The Physiologic Impact of Unilateral Recurrent Laryngeal Nerve (RLN) Lesion on Infant Oropharyngeal and Esophageal Performance.

Title

The Physiologic Impact of Unilateral Recurrent Laryngeal Nerve (RLN) Lesion on Infant Oropharyngeal and Esophageal Performance.

Creator

Gould Francois D H; Lammers Andrew R; Ohlemacher Jocelyn; Ballester Ashley; Fraley Luke; Gross Andrew; German Rebecca Z

Publisher

Dysphagia

Date

2015
2015-12

Description

Recurrent laryngeal nerve (RLN) injury in neonates, a complication of patent ductus arteriosus corrective surgery, leads to aspiration and swallowing complications. Severity of symptoms and prognosis for recovery are variable. We transected the RLN unilaterally in an infant mammalian animal model to characterize the degree and variability of dysphagia in a controlled experimental setting. We tested the hypotheses that (1) both airway protection and esophageal function would be compromised by lesion, (2) given our design, variability between multiple post-lesion trials would be minimal, and (3) variability among individuals would be minimal. Individuals' swallowing performance was assessed pre- and post-lesion using high speed VFSS. Aspiration was assessed using the Infant Mammalian Penetration-Aspiration Scale (IMPAS). Esophageal function was assessed using two measures devised for this study. Our results indicate that RLN lesion leads to increased frequency of aspiration, and increased esophageal dysfunction, with significant variation in these basic patterns at all levels. On average, aspiration worsened with time post-lesion. Within a single feeding sequence, the distribution of unsafe swallows varied. Individuals changed post-lesion either by increasing average IMPAS score, or by increasing variation in IMPAS score. Unilateral RLN transection resulted in dysphagia with both compromised airway protection and esophageal function. Despite consistent, experimentally controlled injury, significant variation in response to lesion remained. Aspiration following RLN lesion was due to more than unilateral vocal fold paralysis. We suggest that neurological variation underlies this pattern.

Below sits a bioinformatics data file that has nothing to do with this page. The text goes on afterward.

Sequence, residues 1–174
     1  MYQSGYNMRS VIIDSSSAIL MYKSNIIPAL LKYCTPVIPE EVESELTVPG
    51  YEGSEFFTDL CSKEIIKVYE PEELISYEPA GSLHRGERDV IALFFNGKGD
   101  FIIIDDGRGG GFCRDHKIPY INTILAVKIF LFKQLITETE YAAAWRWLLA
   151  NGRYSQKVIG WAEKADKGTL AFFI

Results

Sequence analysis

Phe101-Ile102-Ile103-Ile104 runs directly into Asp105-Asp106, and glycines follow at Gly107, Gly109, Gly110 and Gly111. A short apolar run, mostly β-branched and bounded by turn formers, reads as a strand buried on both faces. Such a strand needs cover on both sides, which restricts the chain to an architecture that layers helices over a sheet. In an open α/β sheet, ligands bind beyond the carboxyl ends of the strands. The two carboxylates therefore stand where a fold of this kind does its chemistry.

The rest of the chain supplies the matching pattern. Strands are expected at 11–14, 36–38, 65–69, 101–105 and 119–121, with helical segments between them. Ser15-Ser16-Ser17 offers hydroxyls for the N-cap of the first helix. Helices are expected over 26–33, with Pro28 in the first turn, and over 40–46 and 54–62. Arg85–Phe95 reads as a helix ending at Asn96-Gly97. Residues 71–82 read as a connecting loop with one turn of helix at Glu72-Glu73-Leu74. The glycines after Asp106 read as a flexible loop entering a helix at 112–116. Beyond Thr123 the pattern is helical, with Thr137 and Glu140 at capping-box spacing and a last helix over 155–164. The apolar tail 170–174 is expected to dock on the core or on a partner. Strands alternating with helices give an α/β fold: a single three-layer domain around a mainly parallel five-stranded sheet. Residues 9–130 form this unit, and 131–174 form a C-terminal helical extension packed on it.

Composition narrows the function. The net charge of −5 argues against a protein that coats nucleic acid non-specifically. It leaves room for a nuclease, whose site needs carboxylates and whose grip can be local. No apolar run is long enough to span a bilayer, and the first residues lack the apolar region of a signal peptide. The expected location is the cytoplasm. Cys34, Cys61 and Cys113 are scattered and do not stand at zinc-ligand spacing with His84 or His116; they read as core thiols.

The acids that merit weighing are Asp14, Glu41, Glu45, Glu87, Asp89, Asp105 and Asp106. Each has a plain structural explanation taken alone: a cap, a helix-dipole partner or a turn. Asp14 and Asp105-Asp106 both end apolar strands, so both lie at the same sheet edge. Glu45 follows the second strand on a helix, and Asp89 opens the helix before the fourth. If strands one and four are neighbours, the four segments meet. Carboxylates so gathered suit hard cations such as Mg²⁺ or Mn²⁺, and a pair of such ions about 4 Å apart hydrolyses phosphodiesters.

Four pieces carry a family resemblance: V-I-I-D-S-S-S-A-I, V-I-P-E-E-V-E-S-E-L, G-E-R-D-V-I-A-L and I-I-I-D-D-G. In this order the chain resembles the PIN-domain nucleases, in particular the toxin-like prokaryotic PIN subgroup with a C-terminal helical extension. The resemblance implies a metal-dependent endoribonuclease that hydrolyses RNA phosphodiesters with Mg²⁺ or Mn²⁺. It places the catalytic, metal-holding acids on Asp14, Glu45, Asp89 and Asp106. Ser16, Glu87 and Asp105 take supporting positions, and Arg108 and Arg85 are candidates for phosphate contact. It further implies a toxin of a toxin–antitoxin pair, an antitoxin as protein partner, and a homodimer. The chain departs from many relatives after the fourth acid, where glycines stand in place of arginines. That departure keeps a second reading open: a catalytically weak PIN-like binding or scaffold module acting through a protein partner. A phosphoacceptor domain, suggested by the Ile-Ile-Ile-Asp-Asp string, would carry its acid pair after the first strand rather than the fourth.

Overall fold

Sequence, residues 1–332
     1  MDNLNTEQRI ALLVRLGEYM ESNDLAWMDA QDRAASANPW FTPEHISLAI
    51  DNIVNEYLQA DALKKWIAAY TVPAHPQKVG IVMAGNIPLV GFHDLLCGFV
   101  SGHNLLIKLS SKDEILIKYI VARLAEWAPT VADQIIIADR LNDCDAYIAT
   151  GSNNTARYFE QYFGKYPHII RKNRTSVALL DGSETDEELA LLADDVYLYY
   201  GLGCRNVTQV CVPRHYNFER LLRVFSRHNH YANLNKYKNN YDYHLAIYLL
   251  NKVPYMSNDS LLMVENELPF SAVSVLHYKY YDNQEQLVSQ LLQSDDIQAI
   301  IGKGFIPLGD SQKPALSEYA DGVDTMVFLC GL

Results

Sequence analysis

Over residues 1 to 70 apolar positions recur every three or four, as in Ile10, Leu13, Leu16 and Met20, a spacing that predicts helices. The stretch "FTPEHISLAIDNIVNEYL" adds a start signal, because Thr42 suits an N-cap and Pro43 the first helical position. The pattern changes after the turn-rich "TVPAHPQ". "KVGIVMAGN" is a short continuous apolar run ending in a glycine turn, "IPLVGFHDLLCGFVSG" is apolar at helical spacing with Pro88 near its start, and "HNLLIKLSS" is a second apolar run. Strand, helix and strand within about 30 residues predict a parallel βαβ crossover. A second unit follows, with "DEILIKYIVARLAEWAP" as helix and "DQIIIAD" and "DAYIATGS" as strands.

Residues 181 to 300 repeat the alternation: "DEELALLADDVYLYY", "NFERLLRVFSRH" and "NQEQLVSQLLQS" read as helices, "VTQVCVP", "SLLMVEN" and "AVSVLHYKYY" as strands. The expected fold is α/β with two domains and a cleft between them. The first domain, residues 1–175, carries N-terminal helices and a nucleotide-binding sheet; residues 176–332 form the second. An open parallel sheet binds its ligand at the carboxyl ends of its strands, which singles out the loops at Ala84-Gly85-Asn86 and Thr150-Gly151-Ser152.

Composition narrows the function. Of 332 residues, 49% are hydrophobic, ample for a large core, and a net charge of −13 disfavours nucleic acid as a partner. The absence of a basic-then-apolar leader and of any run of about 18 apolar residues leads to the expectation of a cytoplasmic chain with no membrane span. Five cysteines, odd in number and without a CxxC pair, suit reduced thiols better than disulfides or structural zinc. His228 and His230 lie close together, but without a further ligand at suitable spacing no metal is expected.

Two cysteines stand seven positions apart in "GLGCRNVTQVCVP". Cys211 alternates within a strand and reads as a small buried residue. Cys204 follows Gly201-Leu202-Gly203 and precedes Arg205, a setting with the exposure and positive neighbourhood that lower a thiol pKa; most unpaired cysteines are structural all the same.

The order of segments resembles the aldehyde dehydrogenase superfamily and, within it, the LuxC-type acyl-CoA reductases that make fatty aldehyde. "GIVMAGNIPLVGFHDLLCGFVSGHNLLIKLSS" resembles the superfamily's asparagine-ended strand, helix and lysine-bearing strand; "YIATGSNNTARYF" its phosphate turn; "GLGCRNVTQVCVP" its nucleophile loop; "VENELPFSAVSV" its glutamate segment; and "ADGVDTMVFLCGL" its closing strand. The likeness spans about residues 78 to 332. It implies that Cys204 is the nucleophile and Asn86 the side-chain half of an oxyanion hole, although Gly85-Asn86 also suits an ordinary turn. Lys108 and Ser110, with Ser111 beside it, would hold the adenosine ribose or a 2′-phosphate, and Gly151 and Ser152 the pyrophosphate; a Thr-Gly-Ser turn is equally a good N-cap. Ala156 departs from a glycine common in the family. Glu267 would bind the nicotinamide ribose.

Subject

Animal; Animals; Aspiration; Biological; Deglutition; Deglutition – Physiology; Deglutition disorders; Deglutition Disorders – Etiology; Deglutition Disorders – Physiopathology; Deglutition Disorders/*etiology/physiopathology; Deglutition/*physiology; Disease Models; Esophagus; Esophagus – Physiopathology; Esophagus/*physiopathology; Human; Infant; Laryngeal Nerves – Injuries; Laryngeal Nerves – Physiopathology; Models; Oropharynx – Physiopathology; Oropharynx/*physiopathology; Recurrent laryngeal nerve; Recurrent Laryngeal Nerve Injuries/*complications/physiopathology; Recurrent Laryngeal Nerve/*physiopathology; Swine

Rights

Article information provided for research and reference use only. All rights are retained by the journal listed under publisher and/or the creator(s).

Pages

714–722

Issue

6

Volume

30

Citation

Gould Francois D H; Lammers Andrew R; Ohlemacher Jocelyn; Ballester Ashley; Fraley Luke; Gross Andrew; German Rebecca Z, “The Physiologic Impact of Unilateral Recurrent Laryngeal Nerve (RLN) Lesion on Infant Oropharyngeal and Esophageal Performance.,” NEOMED Bibliography Database, accessed March 3, 2021, https://neomed.omeka.net/items/show/3191.

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